• Definition 3: For me, tradition is laying up God’s words in our hearts and passing his words to the next generation. Doing things regularly that help us in our deepest being to know and love and want God, and to pass these God-focused activities to the next generation. To stay close to God, to remember his work in our lives, and to tell the children about it so that they will fear and honor the Lord–that’s what tradition is for me.
  • Definition 4: Fancy dress, optional. Good food, not optional.

WHY TRADITIONS MATTER Traditions matter because they help us remember. They are memories, and they are for memory; to keep our hearts.

Only take care, and keep your soul diligently, lest you forget the things that your eyes have seen, and lest they depart from your heart all the days of your life. Make them known to your children and your children’s children–how on the day that you stood before the LORD your God…the LORD said to me, “Gather the people to me, that I may let them live on the earth, and that they may teach their children so.” (Deuteronomy 4:9-10)

What is your favorite holiday tradition?

honey lime sweet potato black bean corn tacos

Sweet Potato, Black Bean, and Corn Tacos with Cilantro-Avocado Yogurt Dressing

Cozy Cooking, Recipes, Summer Cooking October 7, 2014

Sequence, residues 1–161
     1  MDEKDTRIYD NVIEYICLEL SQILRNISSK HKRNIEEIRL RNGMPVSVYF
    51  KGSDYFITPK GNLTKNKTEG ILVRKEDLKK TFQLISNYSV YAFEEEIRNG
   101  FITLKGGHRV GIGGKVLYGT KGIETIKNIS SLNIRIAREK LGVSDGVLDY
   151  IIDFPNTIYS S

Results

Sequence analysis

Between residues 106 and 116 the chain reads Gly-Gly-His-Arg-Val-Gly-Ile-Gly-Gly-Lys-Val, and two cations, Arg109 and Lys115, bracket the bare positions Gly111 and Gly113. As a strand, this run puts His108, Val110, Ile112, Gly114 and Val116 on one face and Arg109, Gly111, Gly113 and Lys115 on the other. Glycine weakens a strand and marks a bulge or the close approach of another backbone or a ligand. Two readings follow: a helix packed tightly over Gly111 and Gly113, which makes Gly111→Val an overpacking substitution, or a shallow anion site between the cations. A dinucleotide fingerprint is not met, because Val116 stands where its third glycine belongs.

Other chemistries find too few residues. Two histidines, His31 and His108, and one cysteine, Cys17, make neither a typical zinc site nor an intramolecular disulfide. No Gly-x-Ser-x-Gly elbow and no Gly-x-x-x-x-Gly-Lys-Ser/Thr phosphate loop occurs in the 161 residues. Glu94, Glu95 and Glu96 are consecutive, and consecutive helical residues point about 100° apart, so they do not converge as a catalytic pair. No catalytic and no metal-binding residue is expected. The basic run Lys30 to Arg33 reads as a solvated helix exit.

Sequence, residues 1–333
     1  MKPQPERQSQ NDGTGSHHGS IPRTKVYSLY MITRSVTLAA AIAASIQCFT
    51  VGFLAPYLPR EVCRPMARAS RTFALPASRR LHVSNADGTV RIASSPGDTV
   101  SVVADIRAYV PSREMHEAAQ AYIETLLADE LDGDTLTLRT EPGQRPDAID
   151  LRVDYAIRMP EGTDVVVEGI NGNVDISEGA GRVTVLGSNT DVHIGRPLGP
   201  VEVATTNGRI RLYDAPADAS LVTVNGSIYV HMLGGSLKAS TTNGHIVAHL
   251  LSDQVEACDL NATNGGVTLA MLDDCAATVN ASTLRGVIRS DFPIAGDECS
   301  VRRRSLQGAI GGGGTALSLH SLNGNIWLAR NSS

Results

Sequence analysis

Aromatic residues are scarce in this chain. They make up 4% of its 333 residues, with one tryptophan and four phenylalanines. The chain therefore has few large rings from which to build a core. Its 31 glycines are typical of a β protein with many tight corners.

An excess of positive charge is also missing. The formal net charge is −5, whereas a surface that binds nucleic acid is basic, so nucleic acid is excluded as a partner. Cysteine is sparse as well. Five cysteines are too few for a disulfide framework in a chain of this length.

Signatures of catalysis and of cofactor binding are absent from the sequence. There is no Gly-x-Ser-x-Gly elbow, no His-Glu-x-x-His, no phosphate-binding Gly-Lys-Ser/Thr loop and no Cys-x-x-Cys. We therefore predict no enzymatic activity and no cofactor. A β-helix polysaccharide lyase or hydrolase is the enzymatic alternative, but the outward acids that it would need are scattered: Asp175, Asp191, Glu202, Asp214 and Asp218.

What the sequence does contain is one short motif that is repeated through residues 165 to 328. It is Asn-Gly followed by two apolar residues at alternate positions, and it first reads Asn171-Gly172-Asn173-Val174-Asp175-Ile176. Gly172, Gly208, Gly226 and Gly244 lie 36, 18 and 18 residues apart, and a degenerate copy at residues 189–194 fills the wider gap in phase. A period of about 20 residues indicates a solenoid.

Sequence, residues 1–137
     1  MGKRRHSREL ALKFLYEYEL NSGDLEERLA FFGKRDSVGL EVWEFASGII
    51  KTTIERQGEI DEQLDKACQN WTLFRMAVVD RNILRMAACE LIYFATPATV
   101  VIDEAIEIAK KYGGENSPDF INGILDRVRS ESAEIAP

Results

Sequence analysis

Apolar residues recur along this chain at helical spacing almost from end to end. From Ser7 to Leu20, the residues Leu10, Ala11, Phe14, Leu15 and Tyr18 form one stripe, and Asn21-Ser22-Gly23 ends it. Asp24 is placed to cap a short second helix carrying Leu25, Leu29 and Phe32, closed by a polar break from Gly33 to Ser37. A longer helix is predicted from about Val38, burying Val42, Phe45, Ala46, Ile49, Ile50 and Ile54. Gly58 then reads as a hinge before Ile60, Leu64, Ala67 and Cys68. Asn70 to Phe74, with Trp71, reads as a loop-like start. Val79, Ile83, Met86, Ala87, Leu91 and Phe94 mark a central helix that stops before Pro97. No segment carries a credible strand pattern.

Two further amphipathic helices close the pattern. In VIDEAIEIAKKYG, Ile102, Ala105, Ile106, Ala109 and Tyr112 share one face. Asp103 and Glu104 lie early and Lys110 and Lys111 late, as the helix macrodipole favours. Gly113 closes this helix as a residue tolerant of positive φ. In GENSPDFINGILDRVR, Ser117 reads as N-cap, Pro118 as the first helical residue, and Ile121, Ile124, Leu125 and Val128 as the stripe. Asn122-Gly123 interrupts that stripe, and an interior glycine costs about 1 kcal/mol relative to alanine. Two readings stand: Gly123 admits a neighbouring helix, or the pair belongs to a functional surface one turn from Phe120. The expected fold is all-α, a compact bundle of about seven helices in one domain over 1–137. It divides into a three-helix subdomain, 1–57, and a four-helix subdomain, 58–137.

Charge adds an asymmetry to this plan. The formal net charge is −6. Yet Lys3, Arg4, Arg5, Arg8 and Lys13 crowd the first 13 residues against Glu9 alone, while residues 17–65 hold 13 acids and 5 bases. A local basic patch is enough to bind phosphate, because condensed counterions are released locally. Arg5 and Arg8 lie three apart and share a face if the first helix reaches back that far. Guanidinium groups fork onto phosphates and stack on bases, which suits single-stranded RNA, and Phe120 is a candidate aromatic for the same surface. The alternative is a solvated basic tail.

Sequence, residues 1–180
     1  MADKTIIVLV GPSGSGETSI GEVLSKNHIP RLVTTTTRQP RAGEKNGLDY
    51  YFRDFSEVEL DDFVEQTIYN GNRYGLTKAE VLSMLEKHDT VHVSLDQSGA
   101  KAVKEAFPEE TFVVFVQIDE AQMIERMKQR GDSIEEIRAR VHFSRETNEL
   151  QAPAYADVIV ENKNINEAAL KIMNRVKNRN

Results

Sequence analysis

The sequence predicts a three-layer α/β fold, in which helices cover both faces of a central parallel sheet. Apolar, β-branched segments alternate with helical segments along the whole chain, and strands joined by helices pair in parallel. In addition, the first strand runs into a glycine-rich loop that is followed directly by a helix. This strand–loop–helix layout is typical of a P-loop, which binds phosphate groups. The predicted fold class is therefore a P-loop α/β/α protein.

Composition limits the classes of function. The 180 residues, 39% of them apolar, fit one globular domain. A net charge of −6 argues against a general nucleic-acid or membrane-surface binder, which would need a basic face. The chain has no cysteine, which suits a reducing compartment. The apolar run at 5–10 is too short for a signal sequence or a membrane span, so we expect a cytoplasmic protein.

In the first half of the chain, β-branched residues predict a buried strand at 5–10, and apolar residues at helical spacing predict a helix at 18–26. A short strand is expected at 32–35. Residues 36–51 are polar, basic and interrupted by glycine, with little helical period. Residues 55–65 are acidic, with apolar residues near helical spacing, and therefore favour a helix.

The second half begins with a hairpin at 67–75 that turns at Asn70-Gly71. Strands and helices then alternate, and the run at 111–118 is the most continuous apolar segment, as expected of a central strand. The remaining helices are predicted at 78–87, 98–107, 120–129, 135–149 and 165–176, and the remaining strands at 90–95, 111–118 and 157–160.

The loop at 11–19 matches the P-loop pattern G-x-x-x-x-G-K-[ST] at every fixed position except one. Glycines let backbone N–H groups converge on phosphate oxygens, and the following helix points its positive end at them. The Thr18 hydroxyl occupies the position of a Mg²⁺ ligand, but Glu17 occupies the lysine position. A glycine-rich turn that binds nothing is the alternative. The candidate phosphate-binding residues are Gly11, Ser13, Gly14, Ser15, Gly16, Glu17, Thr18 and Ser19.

This is how to do cozy cooking in the fall when it’s still 100 degrees outside. #californialiving

For the tacos:
1 1/2 lbs sweet potatoes, peeled if desired and diced into 1/2-inch cubes
4 tablespoons olive oil, divided
1 teaspoon cumin
1 teaspoon paprika
1/4 teaspoon ground coriander
1/8 teaspoon cayenne pepper
Salt and freshly ground black pepper
1 small yellow onion, diced
1 clove garlic, minced
1 (14.5) oz can black beans, rinsed and drained
1 cup frozen yellow corn, thawed and drained
3 Tbsp honey
3 Tbsp fresh lime juice
corn or flour tortillas
*Feta cheese, diced avocados, fresh cilantro

Preheat oven to 425 degrees. Line a baking sheet with foil and cover with sweet potatoes. Drizzle with olive oil and toss to coat. Combine the cumin, paprika, coriander, cayenne pepper, salt and pepper to taste, then sprinkle evenly over the potatoes and toss to coat again. Bake in preheated oven 15 – 20 minutes until tender, removing from oven and tossing once halfway through baking.

Meanwhile, in a large skillet, heat remaining olive oil over medium-high heat. Once hot, saute onion until caramelized, adding in garlic during last 30 seconds of sauteing. Reduce heat to medium-low, add in drained black beans, corn, honey and lime juice. Heat until warmed through. Toss in roasted sweet potatoes. Serve over warm tortillas with desired toppings.

Recipe Source: Cooking Classy

For the cilantro-avocado yogurt dressing:
1 ripe avocado

1 cup plain Greek yogurt
1/4 cup cilantro
juice of 1/2 lime
1/2 teaspoon salt

Slice the avocado in half, remove the pit, and scoop the flesh from the skin. Add to a blender along with all of the other ingredients. Blend together until smooth and creamy.